As I think about arts & cultural institutions, I realize that my family is an ideal target for these organizations. My husband and I have two kids, a 9-year-old boy and a 6-year-old girl. What does our consumption of arts & cultural organizations look like? How do we decide what we’re going to do on the weekend? What’s important to us? It’s my hope that this blog post will give you some insight into how we think and ideas on how you can appeal to and engage us.
Is it easy?
I’m going to be honest: it’s hard working full time and having two kids. We’re tired all the time, and sometimes it’s all we can do to get our weekend chores done (grocery shopping, laundry, cleaning the house, yard work) and keep the kids entertained. The easier you can make it for me, the more likely I am to take my family to visit a zoo, museum, or aquarium, or attend a performance.
- Make it easy for me to stay informed. I don’t always have time to do research into what’s going on and what’s coming up. Post on social, send me an email, or leverage your patrons to share. There are many times I find out about things from postings from other moms. When I see something of interest, I will also forward to other friends to see if they want to join.
- Make it easy for me to purchase tickets. For performing arts, maybe something as simple as adding a reminder to my calendar on the day and time tickets go on sale. For museums, science centers, aquariums and zoos, offer online purchase options so we can skip the line. I can only take my family on the weekends, and I admit I dread the crowds.
- Make it easy when I get there. I’m showing up with my family in tow. Most likely, my kids have fought all the way there in the car. I appreciate staff who are friendly and can engage my kids.
Will it be fun for the whole family?
We really value spending time as a family, but we have a boy and a girl of different ages; we are all individuals with different interests. Think about how you can differentiate what your organization offers across the whole family. For example, the movie industry is making family-friendly movies that are also entertaining for adults, like Shrek.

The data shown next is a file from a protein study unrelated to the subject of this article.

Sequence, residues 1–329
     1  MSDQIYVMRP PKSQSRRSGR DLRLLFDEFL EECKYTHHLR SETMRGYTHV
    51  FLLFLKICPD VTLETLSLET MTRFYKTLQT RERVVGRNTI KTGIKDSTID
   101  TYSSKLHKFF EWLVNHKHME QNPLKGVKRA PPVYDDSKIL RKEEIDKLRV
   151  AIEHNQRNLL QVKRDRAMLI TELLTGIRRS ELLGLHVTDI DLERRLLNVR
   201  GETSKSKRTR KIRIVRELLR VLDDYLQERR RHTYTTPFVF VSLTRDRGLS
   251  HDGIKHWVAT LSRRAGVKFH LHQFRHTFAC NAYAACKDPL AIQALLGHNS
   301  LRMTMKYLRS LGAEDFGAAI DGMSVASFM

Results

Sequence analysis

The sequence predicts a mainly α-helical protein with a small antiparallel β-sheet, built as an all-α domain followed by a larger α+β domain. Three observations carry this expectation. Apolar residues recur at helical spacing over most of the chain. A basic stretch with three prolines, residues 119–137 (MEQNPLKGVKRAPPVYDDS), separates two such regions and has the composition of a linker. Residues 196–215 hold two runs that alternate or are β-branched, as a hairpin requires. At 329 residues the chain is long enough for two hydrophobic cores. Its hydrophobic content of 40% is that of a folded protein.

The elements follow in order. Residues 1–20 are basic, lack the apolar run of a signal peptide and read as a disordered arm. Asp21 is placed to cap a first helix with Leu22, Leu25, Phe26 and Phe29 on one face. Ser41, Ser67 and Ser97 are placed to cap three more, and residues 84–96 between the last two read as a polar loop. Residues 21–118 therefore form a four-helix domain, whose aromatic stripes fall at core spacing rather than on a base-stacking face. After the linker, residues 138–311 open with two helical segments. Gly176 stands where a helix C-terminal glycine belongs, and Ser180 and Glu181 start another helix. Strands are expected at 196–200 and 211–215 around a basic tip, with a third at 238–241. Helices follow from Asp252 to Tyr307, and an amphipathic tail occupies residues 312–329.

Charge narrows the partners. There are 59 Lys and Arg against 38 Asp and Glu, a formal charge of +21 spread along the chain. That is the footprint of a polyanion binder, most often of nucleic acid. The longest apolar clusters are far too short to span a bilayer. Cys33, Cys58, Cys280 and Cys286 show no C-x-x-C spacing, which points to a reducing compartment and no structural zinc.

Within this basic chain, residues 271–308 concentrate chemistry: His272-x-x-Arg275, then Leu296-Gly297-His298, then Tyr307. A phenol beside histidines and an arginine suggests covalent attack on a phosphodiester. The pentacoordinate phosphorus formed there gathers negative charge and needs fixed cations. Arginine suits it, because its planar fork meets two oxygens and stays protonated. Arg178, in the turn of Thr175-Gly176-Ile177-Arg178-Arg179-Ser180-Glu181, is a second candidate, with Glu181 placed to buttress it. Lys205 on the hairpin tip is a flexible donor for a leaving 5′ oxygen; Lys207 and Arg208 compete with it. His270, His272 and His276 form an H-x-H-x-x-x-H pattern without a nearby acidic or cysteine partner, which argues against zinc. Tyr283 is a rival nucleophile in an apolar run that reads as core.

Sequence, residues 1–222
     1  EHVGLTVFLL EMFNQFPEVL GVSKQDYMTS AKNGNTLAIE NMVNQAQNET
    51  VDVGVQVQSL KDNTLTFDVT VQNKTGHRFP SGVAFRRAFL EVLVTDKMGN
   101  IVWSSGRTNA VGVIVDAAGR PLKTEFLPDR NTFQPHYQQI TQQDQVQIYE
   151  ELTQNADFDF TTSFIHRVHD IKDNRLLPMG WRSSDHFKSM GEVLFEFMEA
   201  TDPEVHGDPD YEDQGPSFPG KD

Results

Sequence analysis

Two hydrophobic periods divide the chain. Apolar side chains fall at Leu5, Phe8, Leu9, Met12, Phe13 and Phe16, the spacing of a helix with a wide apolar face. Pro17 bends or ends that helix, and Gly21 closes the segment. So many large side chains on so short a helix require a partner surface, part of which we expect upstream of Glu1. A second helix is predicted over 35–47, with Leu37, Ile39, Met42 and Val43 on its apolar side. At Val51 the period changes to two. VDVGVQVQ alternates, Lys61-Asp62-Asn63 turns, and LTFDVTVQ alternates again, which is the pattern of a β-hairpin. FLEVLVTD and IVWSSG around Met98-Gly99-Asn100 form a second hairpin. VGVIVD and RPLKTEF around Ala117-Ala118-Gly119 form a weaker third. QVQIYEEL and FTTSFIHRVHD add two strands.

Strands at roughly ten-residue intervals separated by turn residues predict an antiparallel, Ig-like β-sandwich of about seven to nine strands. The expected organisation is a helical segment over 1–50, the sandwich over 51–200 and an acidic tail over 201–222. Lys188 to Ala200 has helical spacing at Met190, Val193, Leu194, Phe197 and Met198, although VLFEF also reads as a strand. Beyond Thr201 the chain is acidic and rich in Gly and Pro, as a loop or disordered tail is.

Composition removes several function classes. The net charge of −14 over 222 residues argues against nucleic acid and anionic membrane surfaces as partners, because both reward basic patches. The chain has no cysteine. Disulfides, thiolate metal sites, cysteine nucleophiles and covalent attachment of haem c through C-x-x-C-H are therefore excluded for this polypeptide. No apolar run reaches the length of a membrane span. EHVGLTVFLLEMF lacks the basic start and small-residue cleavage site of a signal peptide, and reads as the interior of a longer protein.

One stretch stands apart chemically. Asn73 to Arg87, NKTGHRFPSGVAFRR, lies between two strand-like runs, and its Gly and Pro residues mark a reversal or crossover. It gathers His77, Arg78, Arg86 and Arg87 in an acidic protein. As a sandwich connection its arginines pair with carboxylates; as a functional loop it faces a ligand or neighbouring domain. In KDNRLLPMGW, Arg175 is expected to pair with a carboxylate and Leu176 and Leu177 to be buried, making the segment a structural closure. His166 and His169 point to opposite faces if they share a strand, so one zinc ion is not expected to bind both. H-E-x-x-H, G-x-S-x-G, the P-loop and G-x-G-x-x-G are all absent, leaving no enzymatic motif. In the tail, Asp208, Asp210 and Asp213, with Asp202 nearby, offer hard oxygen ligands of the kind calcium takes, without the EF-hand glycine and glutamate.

- Highlight the things your organization offers for different age groups and consider different age groups when developing programming.
- Create experiences where parents and kids can interact together. This can be as simple as an activity on a sheet of paper that we fill out together at an exhibit or a booklet with questions that need to be filled out with what you learn from the different exhibits.
- If you’re looking to attract families, make it as kid friendly as possible. Make the rules simple and short. Nothing stresses parents out as much as constantly telling kids not to touch anything or having to be quiet all the time. We value places where we can just let our kids be kids but also know that there are certain things you can’t touch, and you can’t stick your hand in an animal’s cage.
Are you offering something unique or new?
My husband and I try hard to expose our kids to a variety of things. In today’s world of short attention spans, I admit that unique and new experiences are the ones that grab our attention. Here are some ways that arts & cultural organizations can address the desire for something different.
- Highlight your existing exhibits and explain why they’re “cool”. There’s a good chance that we missed a few of the exhibits when we were there last. It might also make us realize that we didn’t learn all we could from the exhibit.
- Offer something to complement the exhibit. For example, if you have an exhibit on planes, can you have a volunteer special guest one day to talk to the kids about being a pilot? Can you get your staff or volunteer to arrange for a “make a plane” activity?
- Think about new things you can bring in or highlight. Get a good understanding of your visitors and what they’re looking for and bring in new exhibits that will excite them. You can even think about the concept of “pop-ups” to keep things fresh.
I hope these insights and ideas are helpful. It’s important to look for ways to get a better understanding of your ideal patrons – what motivates them, what excites them, what’s important to them. By having this understanding, you’ll be able to not only engage them in a more meaningful way, but also create the customer experience that will keep them coming back.
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